None of the above is intended as an attack on Brennan, who has spent the past four years as President Obama’s counterterrorism advisor. He has a hard job. He is almost always forced to act on the basis of incomplete information. His job is to keep Americans safe, and he’s done that. Al Qaeda’s leadership, particularly in the tribal areas of Pakistan, has been decimated. Operating in Yemen, where vast tracts of the country lie beyond anyone’s control, cannot be easy.
But, as the details from the Al Majalah show, even the best-intentioned public servants operating with what appears to be decent intelligence can get things horribly wrong. Maybe Al Majalah was indeed an Al Qaeda training camp—maybe those aerial surveillance images were spot on. But, in retrospect, we know that the cameras missed the women and children.
Indeed, if there is one overriding factor in America’s secret wars—especially in its drone campaign—it’s that the U.S. is operating in an information black hole. Our ignorance is not total, but our information is nowhere near adequate. When an employee of the C.I.A. fires a missile from an unmanned drone into a compound along the Afghan-Pakistani border, he almost certainly doesn’t know for sure whom he’s shooting at. Most drone strikes in Pakistan, as an American official explained to me during my visit there in 2011, are what are known as “signature strikes.” That is, the C.I.A. is shooting at a target that matches a pattern of behavior that they’ve deemed suspicious. Often, they get it right and they kill the bad guys. Sometimes, they get it wrong. When Brennan claimed, as he did in 2011
—clearly referring to the drone campaign—that “there hasn’t been a single collateral death,” he was most certainly wrong.
The same is true of opponents of the drone war, who sometimes lay claim to much more knowledge than they actually possess. And so, when a Pakistani newspaper reports that twenty civilians were killed in an attack, it is often taken as gospel truth, even though, as is often the case, the reporting is done over the telephone. For Americans—who are, after all, the ones whose country is firing the drones—it’s more or less impossible to independently verify many details of a drone strike. The reason is obvious: for a Western diplomat or reporter to go to the area where most of the drone strikes have taken place would be reckless in the extreme. (I’ve been to the tribal areas twice on my own. The first time, I was arrested and expelled by the Pakistani government; the second time, I was invited by a Taliban warlord who was killed six weeks later. Each trip took days of preparation and negotiation to arrange.)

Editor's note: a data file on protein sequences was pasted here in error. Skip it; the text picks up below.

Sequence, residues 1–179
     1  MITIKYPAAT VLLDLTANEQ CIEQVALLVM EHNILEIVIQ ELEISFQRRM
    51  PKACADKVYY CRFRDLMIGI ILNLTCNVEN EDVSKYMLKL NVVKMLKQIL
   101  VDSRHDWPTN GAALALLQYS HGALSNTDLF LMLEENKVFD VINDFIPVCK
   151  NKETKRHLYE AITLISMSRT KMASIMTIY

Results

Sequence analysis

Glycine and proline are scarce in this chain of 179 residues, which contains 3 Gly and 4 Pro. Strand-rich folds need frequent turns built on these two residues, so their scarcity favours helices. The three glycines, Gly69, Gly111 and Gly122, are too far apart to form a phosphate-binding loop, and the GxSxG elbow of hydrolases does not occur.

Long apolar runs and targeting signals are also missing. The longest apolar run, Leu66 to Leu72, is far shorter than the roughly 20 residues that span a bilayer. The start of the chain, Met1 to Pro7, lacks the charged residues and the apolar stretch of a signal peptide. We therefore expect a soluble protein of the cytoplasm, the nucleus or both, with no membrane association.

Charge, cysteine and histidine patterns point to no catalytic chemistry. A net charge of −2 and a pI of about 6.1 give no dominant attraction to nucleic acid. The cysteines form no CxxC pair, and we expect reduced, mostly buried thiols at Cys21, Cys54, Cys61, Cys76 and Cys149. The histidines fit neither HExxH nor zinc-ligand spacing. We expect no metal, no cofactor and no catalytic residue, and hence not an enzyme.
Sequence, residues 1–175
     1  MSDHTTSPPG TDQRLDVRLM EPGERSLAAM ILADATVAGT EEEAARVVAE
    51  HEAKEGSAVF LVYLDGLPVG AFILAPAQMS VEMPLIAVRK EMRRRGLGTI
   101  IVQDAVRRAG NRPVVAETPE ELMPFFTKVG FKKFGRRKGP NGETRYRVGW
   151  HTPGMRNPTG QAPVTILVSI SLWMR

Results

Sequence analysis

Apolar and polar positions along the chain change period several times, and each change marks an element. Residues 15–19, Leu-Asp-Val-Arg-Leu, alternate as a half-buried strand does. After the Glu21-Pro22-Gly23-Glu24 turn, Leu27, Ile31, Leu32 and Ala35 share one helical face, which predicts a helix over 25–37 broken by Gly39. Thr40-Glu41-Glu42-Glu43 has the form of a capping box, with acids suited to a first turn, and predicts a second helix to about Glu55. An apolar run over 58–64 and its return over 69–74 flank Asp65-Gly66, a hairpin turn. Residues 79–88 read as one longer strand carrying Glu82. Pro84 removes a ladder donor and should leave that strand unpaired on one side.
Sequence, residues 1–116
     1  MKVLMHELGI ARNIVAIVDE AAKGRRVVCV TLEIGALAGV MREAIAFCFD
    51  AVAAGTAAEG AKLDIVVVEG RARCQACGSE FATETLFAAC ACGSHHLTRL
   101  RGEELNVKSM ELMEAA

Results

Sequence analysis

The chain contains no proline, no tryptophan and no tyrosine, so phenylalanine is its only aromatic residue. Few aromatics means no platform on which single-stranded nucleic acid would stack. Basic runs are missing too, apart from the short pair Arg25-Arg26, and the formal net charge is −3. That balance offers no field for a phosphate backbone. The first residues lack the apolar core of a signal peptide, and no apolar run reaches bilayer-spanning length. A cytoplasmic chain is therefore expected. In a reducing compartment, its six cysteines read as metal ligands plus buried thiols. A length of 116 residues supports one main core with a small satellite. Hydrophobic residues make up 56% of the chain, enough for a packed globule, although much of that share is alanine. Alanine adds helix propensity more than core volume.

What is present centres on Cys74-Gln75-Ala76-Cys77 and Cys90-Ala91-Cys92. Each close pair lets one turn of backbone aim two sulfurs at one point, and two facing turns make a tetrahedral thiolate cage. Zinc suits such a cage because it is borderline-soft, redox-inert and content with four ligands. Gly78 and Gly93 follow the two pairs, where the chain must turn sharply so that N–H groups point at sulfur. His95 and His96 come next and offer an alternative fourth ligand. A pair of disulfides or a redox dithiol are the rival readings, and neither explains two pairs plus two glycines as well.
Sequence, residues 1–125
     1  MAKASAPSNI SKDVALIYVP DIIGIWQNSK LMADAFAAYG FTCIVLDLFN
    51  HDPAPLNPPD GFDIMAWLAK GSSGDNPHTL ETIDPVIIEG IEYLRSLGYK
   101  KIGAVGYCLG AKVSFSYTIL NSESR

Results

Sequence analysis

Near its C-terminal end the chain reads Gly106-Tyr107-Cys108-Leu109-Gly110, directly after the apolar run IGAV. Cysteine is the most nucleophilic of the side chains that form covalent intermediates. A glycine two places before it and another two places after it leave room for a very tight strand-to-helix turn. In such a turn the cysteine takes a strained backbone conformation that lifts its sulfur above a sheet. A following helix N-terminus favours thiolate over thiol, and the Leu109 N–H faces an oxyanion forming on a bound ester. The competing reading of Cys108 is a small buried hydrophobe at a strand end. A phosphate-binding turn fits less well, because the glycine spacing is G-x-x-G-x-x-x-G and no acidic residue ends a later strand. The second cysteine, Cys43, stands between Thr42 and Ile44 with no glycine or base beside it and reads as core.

The best and most painstaking attempts to get at the truth of the drone war—like one by the New America foundation
—acknowledge the difficulty of the enterprise. The New America study found that between 2004 and 2010, the U.S. carried out a hundred and fourteen strikes, which the study’s authors estimated killed between eight hundred and thirty and twelve hundred and ten people. Of those, the study found, between five hundred and fifty and eight hundred and fifty—roughly two-thirds—were probably militants. Included in the dead were many militant leaders. That means that roughly a third of the dead—several hundred—were probably civilians. That’s a lot of bodies. These may be the best estimates we have, but they are still approximations.
Brennan is likely to face sharp questioning in front of the Senate Intelligence Committee, as well he should. You will hear a lot of claims about militants killed and civilians killed and civilians spared. Most likely, neither side will be entitled to its shrillness. If the Al Majalah strike has any value now, it should be to remind us not just of our knowledge but also of our ignorance.